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The Financial Statements

Introduction

The preparation of the financial statements is the seventh step in the 9-step accounting cycle. We will take a look at them first before getting into the whole process for you to have a picture of what we are trying to produce in an accounting system. The financial statements are the end-product reports of accounting.

What's in Here

This chapter of the Accounting 101: Basics course presents the components of a financial statements package. The lessons here focus on a service-type sole proprietorship business.

The preparation of the financial statements is the summarizing phase of accounting.

A complete set of financial statements is made up of 5 components: Statement of Comprehensive Income, Statement of Changes in Equity, Balance Sheet, Statement of Cash Flows, and Notes to Financial Statements.

Image link to Introduction to Financial Statements
Lesson 1

Financial Statements Introduction: An Overview

Financial statements refer to a specific set of reports produced in an entity's accounting system. The objective of these reports is to provide information about the entity. Let's discuss the components of a complete set of financial statements.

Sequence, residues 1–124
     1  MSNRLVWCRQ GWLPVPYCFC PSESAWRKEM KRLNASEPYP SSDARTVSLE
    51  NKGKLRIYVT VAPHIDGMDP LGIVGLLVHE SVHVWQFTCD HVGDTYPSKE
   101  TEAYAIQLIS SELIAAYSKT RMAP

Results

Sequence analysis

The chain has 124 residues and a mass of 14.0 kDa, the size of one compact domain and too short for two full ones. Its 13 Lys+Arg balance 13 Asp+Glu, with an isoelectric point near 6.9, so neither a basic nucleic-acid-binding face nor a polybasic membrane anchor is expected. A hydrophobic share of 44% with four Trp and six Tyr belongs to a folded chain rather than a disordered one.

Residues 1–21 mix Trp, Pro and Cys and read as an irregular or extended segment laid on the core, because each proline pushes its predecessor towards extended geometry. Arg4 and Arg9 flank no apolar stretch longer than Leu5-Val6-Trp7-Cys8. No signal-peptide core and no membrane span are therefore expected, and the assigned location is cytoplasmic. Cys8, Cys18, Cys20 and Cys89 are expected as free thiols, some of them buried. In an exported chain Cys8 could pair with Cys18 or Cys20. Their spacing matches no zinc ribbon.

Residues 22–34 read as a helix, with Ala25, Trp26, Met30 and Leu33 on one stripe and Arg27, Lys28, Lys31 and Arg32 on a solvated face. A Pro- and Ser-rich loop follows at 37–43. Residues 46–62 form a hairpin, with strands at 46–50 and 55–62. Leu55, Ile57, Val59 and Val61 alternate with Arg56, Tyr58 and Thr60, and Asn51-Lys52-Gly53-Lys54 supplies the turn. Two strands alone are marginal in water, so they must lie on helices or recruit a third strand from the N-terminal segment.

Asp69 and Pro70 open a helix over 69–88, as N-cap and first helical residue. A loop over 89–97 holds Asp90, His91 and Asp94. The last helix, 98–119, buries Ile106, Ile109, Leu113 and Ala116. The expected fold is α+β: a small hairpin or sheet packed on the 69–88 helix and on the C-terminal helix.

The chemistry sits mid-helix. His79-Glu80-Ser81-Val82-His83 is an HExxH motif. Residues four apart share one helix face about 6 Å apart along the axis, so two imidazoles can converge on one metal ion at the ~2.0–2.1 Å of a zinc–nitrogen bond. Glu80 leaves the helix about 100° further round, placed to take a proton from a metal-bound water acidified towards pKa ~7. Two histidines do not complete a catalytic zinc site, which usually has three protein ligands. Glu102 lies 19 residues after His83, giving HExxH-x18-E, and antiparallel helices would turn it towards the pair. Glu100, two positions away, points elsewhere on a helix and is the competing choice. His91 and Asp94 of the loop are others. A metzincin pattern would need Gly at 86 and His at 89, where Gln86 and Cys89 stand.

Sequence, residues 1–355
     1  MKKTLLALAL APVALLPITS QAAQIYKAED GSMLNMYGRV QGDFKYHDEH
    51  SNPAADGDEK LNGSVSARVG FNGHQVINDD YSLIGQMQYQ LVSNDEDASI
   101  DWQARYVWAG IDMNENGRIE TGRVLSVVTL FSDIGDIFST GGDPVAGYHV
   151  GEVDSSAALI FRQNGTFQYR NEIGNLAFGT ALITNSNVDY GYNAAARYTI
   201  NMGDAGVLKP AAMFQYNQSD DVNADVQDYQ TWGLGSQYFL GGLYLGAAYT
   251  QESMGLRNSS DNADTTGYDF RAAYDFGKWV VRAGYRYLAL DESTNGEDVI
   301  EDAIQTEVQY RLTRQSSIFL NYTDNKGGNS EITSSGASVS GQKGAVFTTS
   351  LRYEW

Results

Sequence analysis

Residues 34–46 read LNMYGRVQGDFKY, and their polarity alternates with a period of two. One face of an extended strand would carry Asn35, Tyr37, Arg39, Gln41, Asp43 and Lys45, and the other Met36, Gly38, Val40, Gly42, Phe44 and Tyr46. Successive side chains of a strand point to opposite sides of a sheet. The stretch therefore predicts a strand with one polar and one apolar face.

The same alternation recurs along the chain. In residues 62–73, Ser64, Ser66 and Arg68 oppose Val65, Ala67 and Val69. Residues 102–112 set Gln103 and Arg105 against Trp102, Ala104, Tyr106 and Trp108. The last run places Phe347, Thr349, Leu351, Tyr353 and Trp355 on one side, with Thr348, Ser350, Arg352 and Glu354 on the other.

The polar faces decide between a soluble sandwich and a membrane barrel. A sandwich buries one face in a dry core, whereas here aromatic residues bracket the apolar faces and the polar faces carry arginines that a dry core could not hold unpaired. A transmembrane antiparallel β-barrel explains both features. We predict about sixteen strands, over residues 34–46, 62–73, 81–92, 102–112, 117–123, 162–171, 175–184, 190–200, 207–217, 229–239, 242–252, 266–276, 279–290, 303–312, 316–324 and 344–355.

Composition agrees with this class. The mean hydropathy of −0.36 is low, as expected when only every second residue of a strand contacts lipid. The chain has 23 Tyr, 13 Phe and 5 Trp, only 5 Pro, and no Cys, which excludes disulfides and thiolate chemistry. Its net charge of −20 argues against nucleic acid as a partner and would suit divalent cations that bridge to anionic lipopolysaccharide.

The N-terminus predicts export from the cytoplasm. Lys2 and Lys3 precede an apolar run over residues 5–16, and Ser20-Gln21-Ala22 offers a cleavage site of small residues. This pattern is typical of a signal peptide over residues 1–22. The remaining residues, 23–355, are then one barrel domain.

Image link to Income Statement
Lesson 2

Income Statement a.k.a. Profit and Loss Statement

The Income Statement is also referred to as Profit and Loss (P&L) Statement. It shows an entity's results of operations for a particular period of time. The income statement presents the period's income and expenses, and the resulting net income or loss.
Image link to Statement of Equity
Lesson 3

Statement of Changes in Owner's Equity

Capital is affected by four elements. It is increased by owner contributions and income, and decreased by withdrawals and expenses. The Statement of Owner's Equity shows the movement in capital as a result of these elements.
Image link to Balance Sheet
Lesson 4

Balance Sheet a.k.a. Statement of Financial Position

A Balance Sheet shows the financial position or condition of a company as of a certain date. Hence, it is also called Statement of Financial Position. The Balance Sheet presents the total resources owned and controlled by the company (assets) and the claims against them (liabilities and capital).
Image link to Cash Flow Statement
Lesson 5

Statement of Cash Flows

Accountants follow the accrual basis in measuring income and expenses. However, some users of accounting information are interested in the cash transactions of the company; hence the need to present a Statement of Cash Flows.
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